Thankfully we have Tina who is more than up to the responsibility of taking care of the farm while we are overseas. She will come morning and night to handle horse-related chores, keep an eye on the property and see that Tiger and Lady are good too. We’d considered boarding Tiger and Lady, but thought that would be so boring for both, not to mention the expense.

As if there aren’t enough irons in the fire, I formally launched my company Newsletter Lady with a targeted postcard mailing to local businesses. You can read more about it at


Sunday, May 20, 2007

Country Life

There are definite advantages to living in the country. For instance, you can have horses eat your front yard lawn and fertilize at the same time! Yes, there are piles of poop, but the chickens like to scratch the piles to find treats and distribute them into the grass, so I don’t have to do that either. Not a bad deal.

It’s fun to look out our living room windows and see the one or all four of the geldings eating or trotting by. We have electric fence that allows this moveable feast for the horses. Every 10 days or so I move the electric fence posts – they’re called “step ins” because you place a post where you want it and step it into the ground - then I string white electric wire tape from post to post making a pasture fence loop that plus into a fencer that provide the jolt. This gives other grazing areas time to rest and regroup before I let the horses feed on them again. We have fenced off our front door so that we don’t have a curious horse come inside – they are that friendly!

Some weeks ago I discovered that we had a rooster in the hen house. Last fall, Trixie hatch a brood of chicks shortly after our last rooster died. Most of the chicks made it through the winter. They are black, like their mother, so I never thought about any being a rooster. Well, about three weeks ago when doing morning chores I heard a definite cock-a-doodle-do and sure enough there was a rooster in all his colorful glory! I’d been thinking about ordering some more chicks and then thought if we have a rooster sooner or later if I don’t collect eggs we’ll have chicks. Well, about seven dozen and about five different nest of eggs later – no chicks! So, I’m going to toss all the now abandoned eggs and start collecting them daily. Maybe the rooster needs to get a bit more lead in his pencil. At least he hasn’t taken to chasing me like the Honeymooner roosters Ralph and Ed. I think I’ll call him John Wayne, for the actor whose only Oscar came from his role as Rooster Cogburn in the movie True Grit.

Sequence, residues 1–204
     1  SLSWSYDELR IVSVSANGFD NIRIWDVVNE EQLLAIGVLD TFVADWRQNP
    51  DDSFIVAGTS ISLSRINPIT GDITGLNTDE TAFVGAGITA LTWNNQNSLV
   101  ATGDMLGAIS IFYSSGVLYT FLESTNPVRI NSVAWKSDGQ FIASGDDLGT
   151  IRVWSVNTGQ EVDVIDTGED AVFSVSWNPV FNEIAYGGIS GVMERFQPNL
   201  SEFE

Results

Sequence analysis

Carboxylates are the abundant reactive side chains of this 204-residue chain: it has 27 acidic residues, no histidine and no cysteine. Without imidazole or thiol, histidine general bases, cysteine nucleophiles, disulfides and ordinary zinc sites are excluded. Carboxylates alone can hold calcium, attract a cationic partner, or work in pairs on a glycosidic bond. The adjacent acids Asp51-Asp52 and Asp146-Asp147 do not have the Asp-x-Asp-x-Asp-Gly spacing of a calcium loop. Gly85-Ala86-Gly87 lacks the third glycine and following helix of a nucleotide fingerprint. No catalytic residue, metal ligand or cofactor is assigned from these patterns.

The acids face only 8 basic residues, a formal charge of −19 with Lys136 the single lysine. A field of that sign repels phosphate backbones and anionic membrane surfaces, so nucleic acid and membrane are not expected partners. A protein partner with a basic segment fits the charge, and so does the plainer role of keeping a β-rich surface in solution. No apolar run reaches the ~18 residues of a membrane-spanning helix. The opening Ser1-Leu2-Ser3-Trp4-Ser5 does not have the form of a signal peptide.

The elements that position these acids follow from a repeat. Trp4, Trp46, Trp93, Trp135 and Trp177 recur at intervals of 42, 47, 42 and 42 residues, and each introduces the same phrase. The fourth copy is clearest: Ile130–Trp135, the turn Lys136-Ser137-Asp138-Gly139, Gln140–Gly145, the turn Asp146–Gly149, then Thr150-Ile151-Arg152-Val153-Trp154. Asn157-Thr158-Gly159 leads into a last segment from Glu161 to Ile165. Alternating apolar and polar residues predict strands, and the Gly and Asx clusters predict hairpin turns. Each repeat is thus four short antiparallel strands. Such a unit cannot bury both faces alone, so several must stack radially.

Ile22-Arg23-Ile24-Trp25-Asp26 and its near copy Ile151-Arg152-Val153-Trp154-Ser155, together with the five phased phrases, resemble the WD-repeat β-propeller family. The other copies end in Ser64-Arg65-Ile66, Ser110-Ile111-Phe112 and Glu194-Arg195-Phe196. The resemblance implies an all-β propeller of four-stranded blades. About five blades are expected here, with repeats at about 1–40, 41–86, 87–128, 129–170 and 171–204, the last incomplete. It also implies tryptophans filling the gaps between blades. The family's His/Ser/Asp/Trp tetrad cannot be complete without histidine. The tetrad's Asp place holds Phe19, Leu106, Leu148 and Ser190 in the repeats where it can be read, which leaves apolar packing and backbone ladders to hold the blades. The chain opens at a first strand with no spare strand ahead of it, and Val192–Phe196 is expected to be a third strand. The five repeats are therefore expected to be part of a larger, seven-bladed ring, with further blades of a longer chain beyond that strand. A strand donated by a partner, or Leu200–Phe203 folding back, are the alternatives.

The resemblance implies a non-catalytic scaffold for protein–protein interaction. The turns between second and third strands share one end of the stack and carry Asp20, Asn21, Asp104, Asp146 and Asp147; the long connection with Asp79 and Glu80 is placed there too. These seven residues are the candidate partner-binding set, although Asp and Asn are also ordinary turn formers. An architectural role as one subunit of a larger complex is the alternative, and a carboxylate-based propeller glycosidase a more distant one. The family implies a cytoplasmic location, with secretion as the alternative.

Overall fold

Yesterday. Marcia came to visit. We had a wonderful time catching up and had an impromptu BBQ. She brought blue corn chips and homemade salsa and guacamole. The temperature was wonderful as we sat outside and chatted. Ian went back and forth from our conversation to working on his kitchen project – getting the countertops ready for ceramic tile. Later in the afternoon the wind turned cold and both Marcia and I went for our sweatshirts. Then we came inside to watch the Preakness Stakes, as the Kentucky Derby winner was beaten by a nose.

Today, the highs are in the 50s and we have overcast skies. If it would rain I wouldn’t mind, but being cold and overcast just seems so unproductive! Ian lit the corn stove this morning and it’s cozy in here.


Friday, May 18, 2007

AMF Spring Update

We continue to enjoy watching Windy’s third foal and first filly develop. Since the last posting, we've decided her registered name will be Troublesome Kisses, as her sire’s name is RSA Troublesome and Windy’s is RJ Kiss The Wind. We call her Kisses. Windy’s 2006 foal, AMF Xtreme Kiss, comes when called by his barn name “Kiss” and so far it’s not confusing. We own Windy’s first foal too, Windstorm GTC, whom we call Cairo.